Broadcast television is a ‘push’ service that delivers content with a small, fixed delay to the device. Content such as video, audio or subtitles delivered over the Internet are, however, ‘pull’ services.

  The delay in delivering TV content will depend on the quality and bandwidth of the connection – and the delay itself may vary. Figure 3 gives examples of the synchronicity requirements for different kinds of TV content:

  In the first example, the EPG is not sensitive to lack of synchronicity between the two screens of less than, say, 10 seconds.

  In the second example (offering a sign language overlay for persons who were born deaf and whose mother tongue is a sign language), the second screen needs to be reasonably in sync with the main screen. Research studies indicate that as long as the sign language interpretation is within a second, this is still acceptable to users of such a service.

  In the third cluster of examples, offering such features without a synchronisation mechanism is potentially a risky business as the acceptability threshold may be as little as 100 – 150 milliseconds (lip sync). Fortunately, standardisation efforts are already underway around the globe to provide robust synchronisation mechanisms for content delivery both one one-screen and two-screen hybrid platforms such as HbbTV 1.2 and HybridCast.

One screen or two – the implications
  For those wanting to watch television content, the second screen enhances the viewing experience. Some of the services can already be offered with devices on the market. Others will require a few more years until buffering and synchronisation are no longer an issue.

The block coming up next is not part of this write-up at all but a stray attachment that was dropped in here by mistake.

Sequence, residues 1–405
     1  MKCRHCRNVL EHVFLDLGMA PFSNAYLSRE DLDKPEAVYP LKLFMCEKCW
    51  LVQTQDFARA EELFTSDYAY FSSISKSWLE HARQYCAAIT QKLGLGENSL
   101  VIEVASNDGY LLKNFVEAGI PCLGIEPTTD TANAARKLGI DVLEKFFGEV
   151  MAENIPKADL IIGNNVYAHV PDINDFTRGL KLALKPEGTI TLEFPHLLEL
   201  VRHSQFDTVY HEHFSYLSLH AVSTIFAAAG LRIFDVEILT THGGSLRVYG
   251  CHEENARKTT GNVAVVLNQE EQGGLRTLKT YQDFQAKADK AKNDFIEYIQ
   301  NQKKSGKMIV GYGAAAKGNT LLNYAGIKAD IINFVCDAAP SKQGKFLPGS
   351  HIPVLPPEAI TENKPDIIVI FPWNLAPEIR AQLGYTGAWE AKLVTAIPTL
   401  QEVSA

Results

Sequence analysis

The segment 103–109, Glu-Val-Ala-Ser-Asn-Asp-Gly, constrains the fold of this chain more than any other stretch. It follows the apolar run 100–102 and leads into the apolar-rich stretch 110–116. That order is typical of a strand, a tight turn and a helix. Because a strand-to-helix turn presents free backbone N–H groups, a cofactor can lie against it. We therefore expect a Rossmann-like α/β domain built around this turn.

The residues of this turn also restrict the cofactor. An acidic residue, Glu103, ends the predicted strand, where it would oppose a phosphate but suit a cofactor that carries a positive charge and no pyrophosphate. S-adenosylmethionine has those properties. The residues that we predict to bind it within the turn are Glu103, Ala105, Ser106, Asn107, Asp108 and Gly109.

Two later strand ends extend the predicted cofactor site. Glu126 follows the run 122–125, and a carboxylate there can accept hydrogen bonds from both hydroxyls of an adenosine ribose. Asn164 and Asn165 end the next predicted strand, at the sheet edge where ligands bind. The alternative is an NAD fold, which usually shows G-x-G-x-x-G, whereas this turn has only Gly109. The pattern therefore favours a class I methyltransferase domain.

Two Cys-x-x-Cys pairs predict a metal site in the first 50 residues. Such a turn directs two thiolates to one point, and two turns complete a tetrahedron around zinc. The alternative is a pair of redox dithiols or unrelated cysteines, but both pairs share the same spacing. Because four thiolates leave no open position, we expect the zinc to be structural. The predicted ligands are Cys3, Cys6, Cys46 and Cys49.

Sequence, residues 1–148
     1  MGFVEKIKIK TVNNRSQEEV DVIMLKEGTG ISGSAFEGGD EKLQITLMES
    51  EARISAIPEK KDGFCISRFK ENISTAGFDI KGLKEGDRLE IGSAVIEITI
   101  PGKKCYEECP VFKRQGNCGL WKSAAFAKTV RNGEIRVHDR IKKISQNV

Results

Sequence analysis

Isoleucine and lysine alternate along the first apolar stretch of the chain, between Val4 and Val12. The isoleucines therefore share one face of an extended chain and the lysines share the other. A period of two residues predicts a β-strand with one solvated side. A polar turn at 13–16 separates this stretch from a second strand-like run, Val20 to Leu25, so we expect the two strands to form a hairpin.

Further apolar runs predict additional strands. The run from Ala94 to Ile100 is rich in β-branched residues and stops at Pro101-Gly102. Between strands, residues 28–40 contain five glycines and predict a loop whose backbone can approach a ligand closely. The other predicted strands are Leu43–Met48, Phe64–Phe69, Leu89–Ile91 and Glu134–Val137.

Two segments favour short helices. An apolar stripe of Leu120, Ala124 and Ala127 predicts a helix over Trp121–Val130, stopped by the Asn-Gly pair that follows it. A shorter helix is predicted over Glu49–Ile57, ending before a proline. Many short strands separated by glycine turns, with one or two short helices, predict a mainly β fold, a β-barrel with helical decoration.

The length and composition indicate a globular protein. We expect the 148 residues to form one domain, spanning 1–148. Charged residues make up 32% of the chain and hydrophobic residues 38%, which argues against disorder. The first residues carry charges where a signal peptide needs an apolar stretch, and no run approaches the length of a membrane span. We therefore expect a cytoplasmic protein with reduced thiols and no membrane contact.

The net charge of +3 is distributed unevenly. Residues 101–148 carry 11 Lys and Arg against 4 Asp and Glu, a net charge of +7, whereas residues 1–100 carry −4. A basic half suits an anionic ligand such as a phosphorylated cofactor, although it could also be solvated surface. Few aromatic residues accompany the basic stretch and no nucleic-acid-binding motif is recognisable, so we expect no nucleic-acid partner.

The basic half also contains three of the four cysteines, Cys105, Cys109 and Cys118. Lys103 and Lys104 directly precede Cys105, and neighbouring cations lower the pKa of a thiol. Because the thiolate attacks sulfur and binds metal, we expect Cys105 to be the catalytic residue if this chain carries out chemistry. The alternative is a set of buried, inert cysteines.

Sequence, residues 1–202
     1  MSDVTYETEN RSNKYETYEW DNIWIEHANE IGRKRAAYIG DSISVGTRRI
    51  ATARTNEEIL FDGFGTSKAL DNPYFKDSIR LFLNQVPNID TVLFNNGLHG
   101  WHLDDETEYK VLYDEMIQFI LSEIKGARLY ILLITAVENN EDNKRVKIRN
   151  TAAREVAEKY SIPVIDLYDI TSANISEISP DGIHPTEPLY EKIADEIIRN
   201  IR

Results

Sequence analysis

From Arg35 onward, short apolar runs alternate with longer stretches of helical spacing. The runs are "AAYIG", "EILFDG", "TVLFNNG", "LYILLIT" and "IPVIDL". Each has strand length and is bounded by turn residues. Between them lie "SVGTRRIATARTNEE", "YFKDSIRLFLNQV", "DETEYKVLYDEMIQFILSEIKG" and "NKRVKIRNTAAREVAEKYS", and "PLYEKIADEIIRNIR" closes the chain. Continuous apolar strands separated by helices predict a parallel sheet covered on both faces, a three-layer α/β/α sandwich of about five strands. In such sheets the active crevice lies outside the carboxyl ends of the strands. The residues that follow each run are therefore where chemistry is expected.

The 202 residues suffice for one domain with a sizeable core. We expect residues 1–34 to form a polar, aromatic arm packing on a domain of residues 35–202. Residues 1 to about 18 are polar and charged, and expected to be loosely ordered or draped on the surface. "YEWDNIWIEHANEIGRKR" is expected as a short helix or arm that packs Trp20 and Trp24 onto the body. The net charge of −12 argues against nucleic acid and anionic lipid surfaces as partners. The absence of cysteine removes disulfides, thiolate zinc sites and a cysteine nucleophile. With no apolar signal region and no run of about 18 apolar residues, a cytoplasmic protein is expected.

In the media industry, those who stand to gain are free-to-air channels and networks available on (digital) terrestrial broadcasting systems. As IBB TV sets become the norm, these organisations will be able to take up the challenge from Pay-TV and IPTV operators that already have the potential to offer many of these enhancements.

  By the same token, Pay TV operators will have to address the challenge of ‘over the top’ services from broadcasters or other delivered to ‘their’ customers: brand and market-share erosion.

  For regulators concerned with TV quality, second-screen entertainment formats targeting young demographics will be increasingly difficult to monitor and regulate. It’s one thing to monitor the traffic of text messages, and a very different challenge to monitor wireless Internet traffic.
For TV to retain its relevance as an audiovisual medium in the 21st century, television viewers will expect TV content to continue to match their needs and expectations. So it will not be an issue of one TV screen or two, but when a single screen or a second screen can best enhance the viewing experience.

■Peter Olaf Looms
Visiting Associate Professor at the University of Hong Kong.Currently chairs the ITU “Focus Group” on Audiovisual Media Accessibility, a global group that has a mandate to prepare a roadmap of accessibility actions to do with standardisation, legislation and regulation for submission to the ITU by mid 2013.